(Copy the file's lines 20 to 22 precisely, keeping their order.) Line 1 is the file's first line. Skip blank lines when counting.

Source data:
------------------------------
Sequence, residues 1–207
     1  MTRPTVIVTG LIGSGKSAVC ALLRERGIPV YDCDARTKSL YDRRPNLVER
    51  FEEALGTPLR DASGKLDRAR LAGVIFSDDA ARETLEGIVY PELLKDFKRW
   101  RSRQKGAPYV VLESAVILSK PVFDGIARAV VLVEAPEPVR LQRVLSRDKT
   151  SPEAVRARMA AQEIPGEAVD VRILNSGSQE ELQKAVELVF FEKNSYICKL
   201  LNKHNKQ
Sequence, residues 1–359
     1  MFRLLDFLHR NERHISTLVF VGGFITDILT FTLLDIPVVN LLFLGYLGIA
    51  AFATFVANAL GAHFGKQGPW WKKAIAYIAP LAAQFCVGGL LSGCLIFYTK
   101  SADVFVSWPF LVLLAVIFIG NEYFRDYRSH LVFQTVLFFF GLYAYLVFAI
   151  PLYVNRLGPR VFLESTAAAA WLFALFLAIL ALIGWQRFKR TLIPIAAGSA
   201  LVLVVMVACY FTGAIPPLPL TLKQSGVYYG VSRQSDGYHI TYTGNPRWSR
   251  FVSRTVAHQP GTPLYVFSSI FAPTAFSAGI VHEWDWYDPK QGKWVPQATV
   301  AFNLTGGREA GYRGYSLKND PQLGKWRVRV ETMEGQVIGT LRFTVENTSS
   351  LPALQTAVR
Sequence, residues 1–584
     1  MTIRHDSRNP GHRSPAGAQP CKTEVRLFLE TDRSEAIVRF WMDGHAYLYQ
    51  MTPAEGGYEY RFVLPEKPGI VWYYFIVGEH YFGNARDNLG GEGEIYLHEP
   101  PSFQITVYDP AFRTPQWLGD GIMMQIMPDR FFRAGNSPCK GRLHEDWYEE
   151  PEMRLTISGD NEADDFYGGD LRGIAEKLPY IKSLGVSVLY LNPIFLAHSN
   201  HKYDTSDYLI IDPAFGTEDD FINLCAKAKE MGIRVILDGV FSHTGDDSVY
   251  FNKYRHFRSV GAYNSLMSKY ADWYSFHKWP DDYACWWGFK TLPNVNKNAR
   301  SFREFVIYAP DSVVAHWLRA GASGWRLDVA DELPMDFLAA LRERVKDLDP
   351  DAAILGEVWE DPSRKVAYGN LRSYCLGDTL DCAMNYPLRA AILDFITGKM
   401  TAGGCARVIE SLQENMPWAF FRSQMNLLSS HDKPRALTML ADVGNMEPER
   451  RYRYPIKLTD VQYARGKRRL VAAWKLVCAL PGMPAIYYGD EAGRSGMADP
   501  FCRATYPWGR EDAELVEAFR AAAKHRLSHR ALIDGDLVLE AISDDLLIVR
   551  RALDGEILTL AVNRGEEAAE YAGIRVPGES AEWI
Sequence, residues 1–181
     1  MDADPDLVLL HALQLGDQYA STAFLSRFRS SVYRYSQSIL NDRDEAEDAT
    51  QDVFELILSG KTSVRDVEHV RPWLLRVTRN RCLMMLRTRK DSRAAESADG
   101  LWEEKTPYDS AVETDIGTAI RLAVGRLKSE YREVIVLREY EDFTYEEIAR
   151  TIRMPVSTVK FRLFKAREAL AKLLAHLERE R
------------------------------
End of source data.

   151  PEMRLTISGD NEADDFYGGD LRGIAEKLPY IKSLGVSVLY LNPIFLAHSN
   201  HKYDTSDYLI IDPAFGTEDD FINLCAKAKE MGIRVILDGV FSHTGDDSVY
   251  FNKYRHFRSV GAYNSLMSKY ADWYSFHKWP DDYACWWGFK TLPNVNKNAR